How we did it: With Rain Bird IC System™

Hillcrest’s highly scientific approach is a perfect fit for the dashboard and data analysis that the Rain Bird IC System™ provides. Using soil moisture sensors and flying a drone gives the team a level of precision that’s vital to providing the playing conditions Hillcrest golfers expect. Additionally, having single head control means watering only where needed to optimize water use in a highly restrictive and regulated environment.

“We’re trying to figure out how we can irrigate to get the most out of our water for the longest period of time because what you really want is deep and infrequent watering,” Catterson says.

“We also use our weather station every day. We’re downloading information about the course’s high/low temperatures, humidity, our ET (evapotranspiration rate), and water conservation rate. Our goal is to get this course information: ‘The temperature was 85 degrees today and the ET was 0.18; if we apply 0.3 of water, how far is that going to go into our soil sensor to get us what volumetric water content?”

Challenge 3: Streamline and pinpoint maintenance

Hillcrest is fortunate to have a long-tenured, dedicated ground crew, but making efficient use of staff and resources is still important. Hillcrest’s golf course sits on a 140-acre property and features 3,000 irrigation heads. If something breaks, the crew can’t spend hours tracking down the source of the problem, and Hillcrest members wouldn’t enjoy the new trench features throughout their round.

Solution: Use a smart system that quickly runs diagnostics

Prized for its pinpoint accuracy, a two-wire IC system continuously monitors the health of the irrigation system. When a problem occurs, the system detects it instantly and identifies the location for a quick fix.

How we did it: With Rain Bird CirrusPRO™ and the two-wire IC System

CirrusPRO, Rain Bird’s fully mobile central control, gives access to all functionality of the central control system to Catterson’s crew on their mobile devices. No other field hardware like satellites or hubs are needed: The IC System and mobile central control take care of it all.

“Because we have the whole central irrigation at the palm of my hand, I don’t have to go all the way back to our central station computer to run a voltage check,” Catterson says.

She’s even tapped into the app’s capabilities from the other side of the country.

“While in DC, I was able to help the other managers in LA work through a problem.” she says. “We had the same capabilities even though we were 3,000 miles from each other.”

Results

The renovation has inspired more people to check out the course and try it for themselves — and they’re comparing it favorably to local courses that are held in high esteem. Hillcrest loves having an organic vegetable garden and fruit trees on the property used for food at the club. They also have an apiary providing a safe place for pollinators and honey to the club. And with a newly installed, efficient system, they have a real-world testament to their “firstgreen” program, which allows members and friends to ask questions about sustainability efforts on the course and how they tie into Hillcrest’s core values.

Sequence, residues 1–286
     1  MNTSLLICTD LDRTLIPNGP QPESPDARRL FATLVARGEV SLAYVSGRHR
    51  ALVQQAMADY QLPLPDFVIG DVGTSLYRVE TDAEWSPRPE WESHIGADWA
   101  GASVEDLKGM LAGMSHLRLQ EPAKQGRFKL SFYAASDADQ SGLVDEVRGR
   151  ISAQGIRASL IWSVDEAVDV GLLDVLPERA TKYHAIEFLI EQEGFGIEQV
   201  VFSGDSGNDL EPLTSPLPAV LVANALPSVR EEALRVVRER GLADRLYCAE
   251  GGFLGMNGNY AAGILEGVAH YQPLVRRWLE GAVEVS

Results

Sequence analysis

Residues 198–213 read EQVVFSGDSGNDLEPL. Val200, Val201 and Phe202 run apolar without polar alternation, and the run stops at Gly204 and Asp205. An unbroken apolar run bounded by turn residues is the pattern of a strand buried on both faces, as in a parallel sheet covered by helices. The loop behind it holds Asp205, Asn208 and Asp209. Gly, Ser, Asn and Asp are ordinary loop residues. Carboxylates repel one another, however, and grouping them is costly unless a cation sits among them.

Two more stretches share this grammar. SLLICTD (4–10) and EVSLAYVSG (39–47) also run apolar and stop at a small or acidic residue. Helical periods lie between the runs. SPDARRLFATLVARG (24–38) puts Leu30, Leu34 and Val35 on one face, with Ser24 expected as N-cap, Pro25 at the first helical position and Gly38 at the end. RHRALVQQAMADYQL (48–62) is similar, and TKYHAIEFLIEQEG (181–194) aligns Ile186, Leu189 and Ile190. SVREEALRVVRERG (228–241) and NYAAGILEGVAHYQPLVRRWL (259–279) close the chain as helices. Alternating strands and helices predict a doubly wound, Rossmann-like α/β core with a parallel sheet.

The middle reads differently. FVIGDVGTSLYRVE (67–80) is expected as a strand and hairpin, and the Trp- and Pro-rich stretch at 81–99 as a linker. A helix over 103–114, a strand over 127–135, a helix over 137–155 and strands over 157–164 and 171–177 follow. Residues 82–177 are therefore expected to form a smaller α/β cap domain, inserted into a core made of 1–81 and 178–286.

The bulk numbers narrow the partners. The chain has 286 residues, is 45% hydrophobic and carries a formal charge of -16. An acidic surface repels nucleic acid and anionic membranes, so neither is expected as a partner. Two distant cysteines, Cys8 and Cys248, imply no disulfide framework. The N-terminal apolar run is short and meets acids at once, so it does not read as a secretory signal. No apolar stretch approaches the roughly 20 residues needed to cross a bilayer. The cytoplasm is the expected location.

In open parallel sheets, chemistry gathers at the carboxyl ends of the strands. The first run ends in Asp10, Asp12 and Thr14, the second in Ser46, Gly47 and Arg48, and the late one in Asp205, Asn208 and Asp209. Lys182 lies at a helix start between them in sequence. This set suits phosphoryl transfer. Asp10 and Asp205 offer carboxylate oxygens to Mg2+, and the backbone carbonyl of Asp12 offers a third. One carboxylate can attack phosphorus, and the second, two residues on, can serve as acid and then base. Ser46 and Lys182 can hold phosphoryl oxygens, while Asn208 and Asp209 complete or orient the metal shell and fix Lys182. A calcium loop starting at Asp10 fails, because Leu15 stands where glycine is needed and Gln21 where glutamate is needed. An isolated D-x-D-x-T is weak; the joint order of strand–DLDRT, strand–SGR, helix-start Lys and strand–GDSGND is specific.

Catterson is impressed with the progress she’s seen since the renovation was complete. Members appreciate the course more and Hillcrest gets more buzz.

“Now people talk about our course a lot more,” she notes. “I’ve seen some of the members that I used to know at Los Angeles Country Club and they’re wowed. And the new course is bringing new members too. There are more women golfing than there were before, and the junior program is really big. It’s great.”

Testimonial

“I’ve seen some of the members that I used to know at Los Angeles Country Club and they’re wowed. And the new course is bringing new members too. There are more women golfing than there were before, and the junior program is really big. It’s great.”

-Lorabeth Catterson
Assistant Director of Agronomy
Hillcrest Country Club


Continue Reading

  • Conway Farms Golf Club

    Chicago’s Conway Farms is a modern classic designed by Tom Fazio three decades ago. But, as with many courses of that era, time had taken its toll on bunkers and green complexes, and infrastructure like the original golf course irrigation system had aged. Here’s how they gave it all a new life.

  • Druids Glen Golf Course

    Nestled in 360 acres of countryside between the Wicklow Mountains and the Irish Sea near Dublin lies a golfing sanctuary called Druids Glen. The course’s aesthetics needed significant updates, and as a result, golf course maintenance and upkeep became a top priority. Thankfully, Rain Bird had a solution.